Thursday, February 22, 2018

Conyer Clayton



I pound my fist against your back
to loosen phlegm. I’ve always
told you smoking kills, but
you’d do it with ropes
and bottle tops. Your soles
unsteady on a wicker chair. 
Pour yourself into
one more moonrise.
Draw out the misery in me.
I can only see

this failing. You disappearing.
A man’s frayed face
and brittle leaves. A boulder
obscured in slow-moving fog.
I can only see

you vanished
among tall desert rocks.
Your mother says
she thinks she’s heard
the last from you,
and I can only see

the chair leg tremor.
Are the floorboards even?
Did you even check?

Conyer Clayton is an Ottawa-based writer who aims to live with compassion, gratitude, and awe. She has two chapbooks: The Marshes (& co collective, 2017) and For the Birds. For the Humans. (battleaxe press, 2018). Her work appears in Prairie Fire, The Maynard, In/Words, Bywords, Transom, and others. She won Arc’s 2017 Diana Brebner Prize and received third place in Prairie Fire’s 2017 Poetry Contest. Check out for updates on her endeavours.

Thursday, February 15, 2018

Heather Birrell



The filmy-eyed old man went searching for him during the Polish Festival. He had a sister
but they had to put her down. There were beautiful girls wearing coronets of red flowers
drinking beer out of plastic cups on every corner.


I didn’t know when I met you that any of this would happen. We were playing Scrabble on
an island closer to Africa than Spain. You used the word cozy in a way I had never seen or
heard before. We went to see a movie. La Momia Vuelve.


Desert dog, street dog, half fox, half hare.

Listen. Nails clicking out circles of goodbye, goodbye, goodbye.

Heather Birrell is the author of two story collections, Mad Hope (one of the Globe and Mail’s top 23 fiction picks for 2012) and I know you are but what am I? Her work has been honoured with the Journey Prize for short fiction and the Edna Staebler Award for creative non-fiction and has been shortlisted for both National and Western Magazine Awards. She lives in Toronto with her family.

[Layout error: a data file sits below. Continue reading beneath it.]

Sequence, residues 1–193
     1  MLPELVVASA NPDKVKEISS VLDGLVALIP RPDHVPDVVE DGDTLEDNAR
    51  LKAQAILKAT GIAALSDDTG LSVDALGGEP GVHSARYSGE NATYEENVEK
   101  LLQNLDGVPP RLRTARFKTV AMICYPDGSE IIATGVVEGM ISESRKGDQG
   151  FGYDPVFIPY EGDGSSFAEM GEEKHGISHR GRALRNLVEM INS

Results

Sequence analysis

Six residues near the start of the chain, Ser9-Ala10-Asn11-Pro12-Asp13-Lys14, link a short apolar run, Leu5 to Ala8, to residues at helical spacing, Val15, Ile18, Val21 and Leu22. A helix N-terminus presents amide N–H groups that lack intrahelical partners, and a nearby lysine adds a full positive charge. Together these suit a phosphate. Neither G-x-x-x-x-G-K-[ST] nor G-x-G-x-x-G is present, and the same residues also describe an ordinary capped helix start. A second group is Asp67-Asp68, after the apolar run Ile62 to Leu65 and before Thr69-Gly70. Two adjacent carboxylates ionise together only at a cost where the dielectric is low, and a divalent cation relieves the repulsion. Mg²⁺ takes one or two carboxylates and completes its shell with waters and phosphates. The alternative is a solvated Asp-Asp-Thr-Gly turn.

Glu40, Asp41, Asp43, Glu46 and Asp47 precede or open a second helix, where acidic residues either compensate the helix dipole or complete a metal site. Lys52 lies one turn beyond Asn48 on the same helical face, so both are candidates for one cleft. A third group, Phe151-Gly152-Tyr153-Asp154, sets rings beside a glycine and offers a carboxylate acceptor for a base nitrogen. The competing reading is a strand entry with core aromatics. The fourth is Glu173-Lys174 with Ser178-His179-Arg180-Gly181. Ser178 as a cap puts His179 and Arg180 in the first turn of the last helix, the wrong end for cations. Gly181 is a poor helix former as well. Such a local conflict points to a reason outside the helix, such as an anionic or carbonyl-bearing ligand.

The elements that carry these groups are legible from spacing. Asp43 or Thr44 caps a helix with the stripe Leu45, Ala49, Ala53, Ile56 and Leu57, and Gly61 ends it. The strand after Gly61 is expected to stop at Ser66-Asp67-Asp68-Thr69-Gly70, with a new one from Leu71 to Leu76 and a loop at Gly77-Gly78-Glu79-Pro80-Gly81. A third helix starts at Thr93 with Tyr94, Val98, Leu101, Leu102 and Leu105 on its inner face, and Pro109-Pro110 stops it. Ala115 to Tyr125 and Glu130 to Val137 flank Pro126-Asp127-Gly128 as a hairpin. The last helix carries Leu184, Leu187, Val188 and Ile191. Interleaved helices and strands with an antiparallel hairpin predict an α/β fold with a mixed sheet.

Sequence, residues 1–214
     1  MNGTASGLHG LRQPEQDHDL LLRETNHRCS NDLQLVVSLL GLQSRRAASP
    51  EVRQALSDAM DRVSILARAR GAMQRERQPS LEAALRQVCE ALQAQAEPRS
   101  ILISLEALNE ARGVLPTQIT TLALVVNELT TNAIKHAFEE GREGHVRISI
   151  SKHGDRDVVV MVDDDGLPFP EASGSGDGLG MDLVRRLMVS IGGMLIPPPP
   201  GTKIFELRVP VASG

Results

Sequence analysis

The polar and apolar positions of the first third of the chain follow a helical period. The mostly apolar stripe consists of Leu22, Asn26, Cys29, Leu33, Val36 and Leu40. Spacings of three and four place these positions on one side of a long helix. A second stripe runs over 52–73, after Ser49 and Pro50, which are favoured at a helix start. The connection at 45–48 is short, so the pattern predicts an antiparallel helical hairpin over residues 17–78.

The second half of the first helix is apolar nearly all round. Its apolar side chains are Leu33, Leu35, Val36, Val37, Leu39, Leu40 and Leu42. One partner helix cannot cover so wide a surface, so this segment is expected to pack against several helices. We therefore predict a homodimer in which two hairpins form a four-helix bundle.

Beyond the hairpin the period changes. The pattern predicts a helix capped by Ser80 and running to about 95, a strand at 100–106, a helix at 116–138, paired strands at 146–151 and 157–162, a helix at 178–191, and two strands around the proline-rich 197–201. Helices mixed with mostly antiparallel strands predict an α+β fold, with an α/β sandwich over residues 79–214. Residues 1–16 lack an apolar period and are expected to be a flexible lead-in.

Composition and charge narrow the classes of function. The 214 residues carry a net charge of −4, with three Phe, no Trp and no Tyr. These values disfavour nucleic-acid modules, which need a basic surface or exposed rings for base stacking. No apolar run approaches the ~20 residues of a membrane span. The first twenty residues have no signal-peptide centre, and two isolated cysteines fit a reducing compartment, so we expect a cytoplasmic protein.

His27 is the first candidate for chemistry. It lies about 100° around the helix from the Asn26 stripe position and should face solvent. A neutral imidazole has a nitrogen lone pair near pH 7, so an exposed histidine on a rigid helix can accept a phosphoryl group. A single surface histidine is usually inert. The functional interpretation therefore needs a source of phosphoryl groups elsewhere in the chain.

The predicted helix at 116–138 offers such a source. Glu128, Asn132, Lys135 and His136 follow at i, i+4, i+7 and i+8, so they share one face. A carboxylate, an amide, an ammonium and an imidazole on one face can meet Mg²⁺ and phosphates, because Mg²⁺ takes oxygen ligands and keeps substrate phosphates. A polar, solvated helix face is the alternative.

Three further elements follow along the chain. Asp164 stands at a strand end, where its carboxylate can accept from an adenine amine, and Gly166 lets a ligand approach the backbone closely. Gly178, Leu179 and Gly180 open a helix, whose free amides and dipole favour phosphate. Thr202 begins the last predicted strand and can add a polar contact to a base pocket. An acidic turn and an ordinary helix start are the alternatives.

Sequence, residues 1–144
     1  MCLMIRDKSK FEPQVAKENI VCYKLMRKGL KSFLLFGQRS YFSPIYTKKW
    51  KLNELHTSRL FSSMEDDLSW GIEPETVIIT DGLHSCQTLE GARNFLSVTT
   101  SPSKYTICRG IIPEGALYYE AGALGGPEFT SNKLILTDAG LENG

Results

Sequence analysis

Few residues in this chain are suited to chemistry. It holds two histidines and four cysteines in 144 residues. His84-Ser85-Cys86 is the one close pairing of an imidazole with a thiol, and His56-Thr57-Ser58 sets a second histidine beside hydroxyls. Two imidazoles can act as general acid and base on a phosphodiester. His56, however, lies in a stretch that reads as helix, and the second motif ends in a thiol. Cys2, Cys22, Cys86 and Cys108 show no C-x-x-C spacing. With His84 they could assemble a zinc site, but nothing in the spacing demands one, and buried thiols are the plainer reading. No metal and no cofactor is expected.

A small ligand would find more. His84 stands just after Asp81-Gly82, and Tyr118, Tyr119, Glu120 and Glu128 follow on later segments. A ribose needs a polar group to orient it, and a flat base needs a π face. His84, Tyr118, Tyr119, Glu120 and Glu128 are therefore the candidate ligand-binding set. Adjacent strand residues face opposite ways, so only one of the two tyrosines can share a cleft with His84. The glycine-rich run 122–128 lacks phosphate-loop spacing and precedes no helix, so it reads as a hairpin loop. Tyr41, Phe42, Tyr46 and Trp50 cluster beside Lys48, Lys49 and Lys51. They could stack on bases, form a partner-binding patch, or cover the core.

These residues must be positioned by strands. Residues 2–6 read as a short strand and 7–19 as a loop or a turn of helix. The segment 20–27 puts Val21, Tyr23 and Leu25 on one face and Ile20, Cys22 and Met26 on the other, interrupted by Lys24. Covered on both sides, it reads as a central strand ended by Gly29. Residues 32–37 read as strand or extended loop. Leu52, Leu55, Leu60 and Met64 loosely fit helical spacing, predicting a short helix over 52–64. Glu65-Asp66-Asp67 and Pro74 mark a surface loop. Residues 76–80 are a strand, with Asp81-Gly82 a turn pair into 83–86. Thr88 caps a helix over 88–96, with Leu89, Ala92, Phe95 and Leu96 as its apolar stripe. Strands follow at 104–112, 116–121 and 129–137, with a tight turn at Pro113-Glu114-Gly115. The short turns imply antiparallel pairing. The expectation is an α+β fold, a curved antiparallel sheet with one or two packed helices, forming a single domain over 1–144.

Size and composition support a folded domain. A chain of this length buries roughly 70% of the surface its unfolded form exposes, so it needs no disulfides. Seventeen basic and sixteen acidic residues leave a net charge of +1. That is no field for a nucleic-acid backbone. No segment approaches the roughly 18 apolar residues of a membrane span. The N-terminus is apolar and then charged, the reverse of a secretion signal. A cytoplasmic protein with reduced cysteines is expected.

Friday, February 9, 2018

Chris Banks


Check out these invisible handcuffs. Death
is classically trained. You are free to go
on your own recognizance until the time
of your execution. Every minute is garnish.
The entrée is missing. We live under
an embarrassment of stars. Each face
is a living portrait. A work in progress.
Dreams build cantilevered balconies into 
the world. Hold this mirror. So begins
our secret congress. Let’s not meet out 
in the open. What do you wish to know?
I promise to pull you out of an earthquake.
Give you first aid. When the ocean recedes,
do not go walking amongst the fish gasping
in its wake. Head for the hills. Stay with me
one more week. Wave goodbye before
slipping into a dark limo filled with techno
and champagne. I hate the crowds so I won’t 
be at the premiere with its paparazzi. I’ll be 
working on my patents. There is this one 
for a new type of glass. When you hold 
a hand up on either side, it simulates human 
contact. Here, place your fingers like this. 
I forgot how warm you are to the touch.

Chris Banks is the author of four poetry collections. His first full-length collection, Bonfires, was awarded the Jack Chalmers Award for poetry by the Canadian Authors’ Association in 2004 and was a finalist for the Gerald Lampert Award for best first book of poetry in Canada. His poetry has appeared in The New Quarterly, Arc Magazine, The Antigonish Review, Event, The Malahat Review, Prism International, among other publications. He lives and writes in Waterloo, Ontario.

Thursday, February 1, 2018

Tom Prime


the tongue is talking to itself
mumbling, shaking its head
has lost its mind

the throat is its apartment building
the throat wants back payments
the throat has called the police

the tongue is homeless
lives in empty cigarette packages
slips through the streets
a snail without a shell

Tom Prime is in the MFA program at the University of Victoria (specializing in poetry). His poems have appeared in Carousel, Ditch, Fjords Review, The North Testicle Review, The Rusty Toque, and Vallum. In 2017, Proper Tales Press published his first chapbook, A Strange Hospital.